I didn’t see any headlines heralding the anniversary, but I noted it nonetheless. Feb. 3 was the 100th anniversary of ratification of the 16th Amendment to Constitution. It enshrined the income tax in federal law.
It’s not the sort of date I would normally notice. But I was neck-deep in a tax trial in federal court. The United States was prosecuting my client, Donna Bello, and another defendant, Jill Platt, for their role in something called “gifting tables.” The government charged them, among other things, with impeding the ability of the government to ascertain taxes owed.
That struck me as a an odd sort of criminal charge. The law is that you can be guilty of obstructing IRS efforts to determine taxable income even if you owe no taxes. Just how in the world did I become one of the crops on this tax plantation?
I recall my surprise in law school decades ago. All income is within the government’s reach. To put it in the words of the Supreme Court, any accession to wealth is taxable. That means that you owe taxes on a portion of every dollar hitting your hands, unless Congress says otherwise. We’ve developed a complex tax code. At last count, it and associated regulations and rulings fill almost 80,000 pages.
I suspect most folks think that once they earn a dollar and pay tax on it, they are free to do with their money what they want. But consider the following: Your decision to give money to another person creates income for them. Money circulating in the economy is one big revenue stream to the tax man.
Doesn’t that stand on its head the notion that the federal government has limited powers? Isn’t the power to tax the power to destroy?
In the gifting table cases, hundreds, if not thousands, of women across the state gambled on a provision of the tax code they thought might keep money out of the hands of the tax man. Federal law permits a person give a gift of up to $14,000 per year to another. The recipient need not report it as income, so long as the giver intends it as a gift, with no strings attached. In the turgid language of our courts, a gift springs from a disinterested and detached generosity.
To get on one of the tables, a person gave a gift of $5,000 to a person at the head of the table. Participants advance to a rank of four, then two, and finally arrived at the top position. Once a person at the top received eight gifts, the table dissolved, with the women in the rank of two now occupying the top position of new and separate tables. The person exiting the top then was free to join another table by starting all over with a $5,000 gift on a new table.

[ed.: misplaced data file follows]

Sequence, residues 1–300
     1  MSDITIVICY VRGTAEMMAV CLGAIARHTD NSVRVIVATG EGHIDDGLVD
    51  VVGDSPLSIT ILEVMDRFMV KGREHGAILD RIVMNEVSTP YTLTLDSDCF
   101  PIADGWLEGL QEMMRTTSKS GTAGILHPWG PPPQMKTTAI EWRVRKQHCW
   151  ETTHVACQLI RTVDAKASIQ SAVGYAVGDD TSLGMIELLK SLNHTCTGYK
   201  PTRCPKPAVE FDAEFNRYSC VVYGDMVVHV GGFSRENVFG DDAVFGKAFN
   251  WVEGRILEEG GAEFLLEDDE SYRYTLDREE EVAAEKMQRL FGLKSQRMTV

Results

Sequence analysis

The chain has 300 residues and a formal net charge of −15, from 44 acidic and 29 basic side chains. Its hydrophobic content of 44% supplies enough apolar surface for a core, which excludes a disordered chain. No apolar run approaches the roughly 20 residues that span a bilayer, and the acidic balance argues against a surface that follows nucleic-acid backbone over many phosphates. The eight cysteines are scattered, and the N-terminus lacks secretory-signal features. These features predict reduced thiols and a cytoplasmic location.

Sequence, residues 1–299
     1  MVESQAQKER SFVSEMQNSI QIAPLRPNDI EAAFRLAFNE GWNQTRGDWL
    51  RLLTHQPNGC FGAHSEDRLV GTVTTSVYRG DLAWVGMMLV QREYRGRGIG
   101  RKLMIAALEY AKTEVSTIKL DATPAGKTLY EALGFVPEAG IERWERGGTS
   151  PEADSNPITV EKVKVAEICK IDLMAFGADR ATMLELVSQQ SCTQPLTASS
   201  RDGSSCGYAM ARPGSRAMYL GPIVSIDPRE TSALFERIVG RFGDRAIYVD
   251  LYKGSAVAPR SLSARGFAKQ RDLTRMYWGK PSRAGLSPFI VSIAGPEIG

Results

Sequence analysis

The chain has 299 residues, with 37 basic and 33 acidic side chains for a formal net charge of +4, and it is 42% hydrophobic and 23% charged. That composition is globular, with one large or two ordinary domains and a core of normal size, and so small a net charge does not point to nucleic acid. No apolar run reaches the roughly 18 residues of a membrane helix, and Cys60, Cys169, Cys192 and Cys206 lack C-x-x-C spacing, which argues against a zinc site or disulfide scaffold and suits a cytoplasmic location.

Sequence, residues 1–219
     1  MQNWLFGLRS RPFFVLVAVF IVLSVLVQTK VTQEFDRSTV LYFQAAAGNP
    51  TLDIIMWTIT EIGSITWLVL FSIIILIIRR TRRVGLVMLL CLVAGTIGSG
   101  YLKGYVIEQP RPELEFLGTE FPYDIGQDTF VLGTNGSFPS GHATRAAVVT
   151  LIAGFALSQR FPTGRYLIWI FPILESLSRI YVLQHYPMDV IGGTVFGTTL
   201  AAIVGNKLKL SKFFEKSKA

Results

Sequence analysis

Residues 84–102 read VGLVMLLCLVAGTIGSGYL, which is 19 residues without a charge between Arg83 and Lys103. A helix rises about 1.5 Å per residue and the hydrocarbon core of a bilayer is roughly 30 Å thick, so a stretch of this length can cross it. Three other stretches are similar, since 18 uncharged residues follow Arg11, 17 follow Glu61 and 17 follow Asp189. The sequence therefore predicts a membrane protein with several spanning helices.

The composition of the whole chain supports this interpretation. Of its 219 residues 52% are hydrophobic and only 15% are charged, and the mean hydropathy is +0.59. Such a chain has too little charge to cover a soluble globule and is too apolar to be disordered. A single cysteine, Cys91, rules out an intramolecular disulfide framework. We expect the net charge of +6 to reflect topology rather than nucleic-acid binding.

Scores of women testified in court in the past month about the tables. Many described it as a wonderful experience, meeting with other women for purposes of mutual support and sisterhood. A handful testified that they were unhappy with the tables. No one testified that they thought they would gain a return by giving money to another. Every participant joined a table and knew that in order to get a return, they had to participate.
Unlike Bernie Madoff’s empire, no one stayed at the top collecting money from folks unaware of what was going on.
The government smelled revenue in the gifting tables and it set its sights on several of the senior members.The government says the tables are pyramid schemes. Participants say otherwise. Wednesday, a jury of 12 sided with the government.
My client now faces a prison sentence, and back tax payments.
We tried to defend on the basis of good-faith belief that the tax code wasn’t violated, and that participation of lawyers and at least one federal law-enforcement agent would make a reasonable person believe everything was legitimate. We also tried to put on evidence of sometimes confusing and muddled advice the women received from lawyers.
The jury never heard from several witnesses, who appeared with lawyers of their own. The witnesses pleaded the Fifth Amendment right against self-incrimination and we were unable to present to testimony about lawyers’ winking at their participation on the tables.
Only the government can grant immunity to witnesses. In this case, the government offered immunity to one witness, who testified against our clients. We complained that it was unfair for the government to have the right to grant immunity to the witnesses it liked, while withholding immunity from witnesses it did not like. This got us nothing but a potential issue on appeal.
The jury made short work of our defense. The verdict depresses me. I might not join a gifting table, but those who joined were informed about what they were doing, and participated, often for years, while enjoying the fellowship of the group.
I had hoped the jury in the gifting tables case might be troubled by a government using double standards and animated by the principle that it is entitled to a piece of every dollar that finds its way into our pockets. We’ve come a long way since the founding of the republic. Trust and obey is the new national anthem.